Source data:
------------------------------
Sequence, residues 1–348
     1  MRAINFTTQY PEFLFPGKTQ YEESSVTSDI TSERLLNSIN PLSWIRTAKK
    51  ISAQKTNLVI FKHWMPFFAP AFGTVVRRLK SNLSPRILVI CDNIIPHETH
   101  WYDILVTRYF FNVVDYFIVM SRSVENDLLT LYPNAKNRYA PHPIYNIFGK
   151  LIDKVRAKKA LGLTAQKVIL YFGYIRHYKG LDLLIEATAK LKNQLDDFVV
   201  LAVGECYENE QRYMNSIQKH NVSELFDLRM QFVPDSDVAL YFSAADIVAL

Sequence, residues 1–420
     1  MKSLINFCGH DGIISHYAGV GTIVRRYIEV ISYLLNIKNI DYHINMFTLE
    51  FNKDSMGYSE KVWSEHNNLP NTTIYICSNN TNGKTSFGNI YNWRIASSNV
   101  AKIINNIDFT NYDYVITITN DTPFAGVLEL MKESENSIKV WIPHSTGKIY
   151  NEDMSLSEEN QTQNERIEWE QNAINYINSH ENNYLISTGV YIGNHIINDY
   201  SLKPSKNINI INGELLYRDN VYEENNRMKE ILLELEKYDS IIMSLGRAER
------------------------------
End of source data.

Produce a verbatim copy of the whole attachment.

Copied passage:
Sequence, residues 1–348
     1  MRAINFTTQY PEFLFPGKTQ YEESSVTSDI TSERLLNSIN PLSWIRTAKK
    51  ISAQKTNLVI FKHWMPFFAP AFGTVVRRLK SNLSPRILVI CDNIIPHETH
   101  WYDILVTRYF FNVVDYFIVM SRSVENDLLT LYPNAKNRYA PHPIYNIFGK
   151  LIDKVRAKKA LGLTAQKVIL YFGYIRHYKG LDLLIEATAK LKNQLDDFVV
   201  LAVGECYENE QRYMNSIQKH NVSELFDLRM QFVPDSDVAL YFSAADIVAL

Sequence, residues 1–420
     1  MKSLINFCGH DGIISHYAGV GTIVRRYIEV ISYLLNIKNI DYHINMFTLE
    51  FNKDSMGYSE KVWSEHNNLP NTTIYICSNN TNGKTSFGNI YNWRIASSNV
   101  AKIINNIDFT NYDYVITITN DTPFAGVLEL MKESENSIKV WIPHSTGKIY
   151  NEDMSLSEEN QTQNERIEWE QNAINYINSH ENNYLISTGV YIGNHIINDY
   201  SLKPSKNINI INGELLYRDN VYEENNRMKE ILLELEKYDS IIMSLGRAER